Digital Comics

Course - first cycle - 15 credits

Syllabus for students autumn 2016, autumn 2014

Course Code:
KK146A revision 1
Level of specialisation
Main fields of study:
No main fields
Date of ratification:
10 February 2014
Decision-making body:
Faculty of Culture and Society
Enforcement date:
01 September 2014

Entry requirements

1. Basic eligibility for university studies
2. The equivalent of English course B in Swedish secondary school.
For Swedish Upper Secondary Grades merit rating will be calculated according to Områdesbehörighet 6/A6

Specialisation and progression relative to the degree regulations

The course can usually be included as part of a general degree at undergraduate level.


The course aims to give basic theoretical and practical knowledge of digital comics and their cultural and media contexts. To achieve this aim, students will analyse fictional and non-fiction comics, as well as develop, produce and reflect on these comics. They will also become proficient in graphic visual communication.
Starting from digital comics, the course will introduce and facilitate detailed analysis of visual storytelling and its conditions. Students use online comics and other digital comics to develop and clarify their knowledge of the potential and limitations of relevant media channels. The collaborative learning approach central to the distance course will also be addressed.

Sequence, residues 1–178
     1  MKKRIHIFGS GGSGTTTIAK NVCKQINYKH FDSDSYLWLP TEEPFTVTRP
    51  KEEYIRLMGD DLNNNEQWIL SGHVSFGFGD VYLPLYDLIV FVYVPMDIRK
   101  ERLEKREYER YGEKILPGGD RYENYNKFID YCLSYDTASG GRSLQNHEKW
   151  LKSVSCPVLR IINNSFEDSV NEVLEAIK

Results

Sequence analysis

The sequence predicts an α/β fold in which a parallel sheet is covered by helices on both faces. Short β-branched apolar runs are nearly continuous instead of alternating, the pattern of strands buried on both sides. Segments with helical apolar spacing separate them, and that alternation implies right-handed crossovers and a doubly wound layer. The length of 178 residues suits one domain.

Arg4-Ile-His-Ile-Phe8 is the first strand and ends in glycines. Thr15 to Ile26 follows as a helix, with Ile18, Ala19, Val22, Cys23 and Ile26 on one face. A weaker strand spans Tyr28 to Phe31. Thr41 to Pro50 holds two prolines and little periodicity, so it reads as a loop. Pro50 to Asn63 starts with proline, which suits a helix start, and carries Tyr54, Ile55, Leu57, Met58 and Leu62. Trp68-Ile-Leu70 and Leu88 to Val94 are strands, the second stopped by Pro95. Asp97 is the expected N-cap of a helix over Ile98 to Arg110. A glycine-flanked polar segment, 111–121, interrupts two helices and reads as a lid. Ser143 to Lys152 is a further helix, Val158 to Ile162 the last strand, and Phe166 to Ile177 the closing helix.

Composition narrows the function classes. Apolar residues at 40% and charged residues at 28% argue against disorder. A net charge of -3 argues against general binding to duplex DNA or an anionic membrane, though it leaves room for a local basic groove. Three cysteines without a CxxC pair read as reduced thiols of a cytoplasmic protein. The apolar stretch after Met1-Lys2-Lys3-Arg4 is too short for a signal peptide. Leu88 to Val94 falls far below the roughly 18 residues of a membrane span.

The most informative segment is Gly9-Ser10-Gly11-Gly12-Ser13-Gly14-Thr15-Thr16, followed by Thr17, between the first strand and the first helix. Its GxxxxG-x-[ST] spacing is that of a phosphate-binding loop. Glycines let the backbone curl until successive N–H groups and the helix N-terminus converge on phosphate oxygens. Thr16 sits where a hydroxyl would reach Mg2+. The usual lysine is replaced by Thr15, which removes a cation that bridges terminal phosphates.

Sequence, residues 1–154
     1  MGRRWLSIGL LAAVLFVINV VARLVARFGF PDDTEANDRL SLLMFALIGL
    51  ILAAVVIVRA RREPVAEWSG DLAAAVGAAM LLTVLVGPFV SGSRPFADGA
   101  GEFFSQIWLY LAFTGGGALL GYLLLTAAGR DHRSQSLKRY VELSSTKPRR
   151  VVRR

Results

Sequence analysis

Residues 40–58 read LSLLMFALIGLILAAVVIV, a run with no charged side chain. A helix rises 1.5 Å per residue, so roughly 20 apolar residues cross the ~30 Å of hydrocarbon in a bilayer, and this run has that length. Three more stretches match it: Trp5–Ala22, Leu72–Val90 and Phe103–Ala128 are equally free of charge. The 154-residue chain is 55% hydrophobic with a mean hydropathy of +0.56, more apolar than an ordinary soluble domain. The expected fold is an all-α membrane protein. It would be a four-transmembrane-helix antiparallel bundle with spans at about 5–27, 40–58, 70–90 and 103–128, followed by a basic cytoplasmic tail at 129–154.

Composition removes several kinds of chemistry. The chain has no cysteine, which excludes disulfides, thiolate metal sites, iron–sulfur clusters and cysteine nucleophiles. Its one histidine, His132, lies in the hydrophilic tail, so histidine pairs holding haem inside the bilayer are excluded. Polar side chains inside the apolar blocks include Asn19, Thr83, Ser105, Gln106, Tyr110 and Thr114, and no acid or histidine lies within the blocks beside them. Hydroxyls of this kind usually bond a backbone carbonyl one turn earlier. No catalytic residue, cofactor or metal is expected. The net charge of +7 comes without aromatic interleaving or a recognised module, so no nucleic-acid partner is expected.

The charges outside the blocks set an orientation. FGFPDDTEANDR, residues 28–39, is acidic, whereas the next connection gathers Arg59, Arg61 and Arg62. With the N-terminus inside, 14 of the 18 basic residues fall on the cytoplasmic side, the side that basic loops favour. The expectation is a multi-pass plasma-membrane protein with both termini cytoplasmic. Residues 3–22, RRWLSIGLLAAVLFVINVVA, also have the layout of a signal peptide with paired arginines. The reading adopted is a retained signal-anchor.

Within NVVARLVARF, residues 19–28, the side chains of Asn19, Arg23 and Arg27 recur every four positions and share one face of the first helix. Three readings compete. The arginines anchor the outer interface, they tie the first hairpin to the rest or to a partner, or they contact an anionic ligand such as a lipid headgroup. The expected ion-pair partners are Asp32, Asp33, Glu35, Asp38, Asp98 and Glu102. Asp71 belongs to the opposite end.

During the course, students will study, analyse and comment on the contemporary field of digital comics. In addition, they will create and publish digital comics of their own, as well as read, evaluate and comment on digital comics published by fellow students. Results and reflections will be published in open webforums aimed at digital comics and comics in general.


The course is divided into three modules:

Module 1 contains a short introduction to the basics of digital comics, starting with technical aspects, forms of narration, the history of digital comics and artistic practice. This module addresses practical and theoretical issues. Students will analyse and reflect on results and consider them in relation to the course's required literature/reading. Students will experiment with tools, styles, and construction of sequences to produce comic strips and visual material. This module develops the practical skills of visual narrating, layout of individual images and picture sequences, digitalisation, production, distribution and marketing. Results are presented online.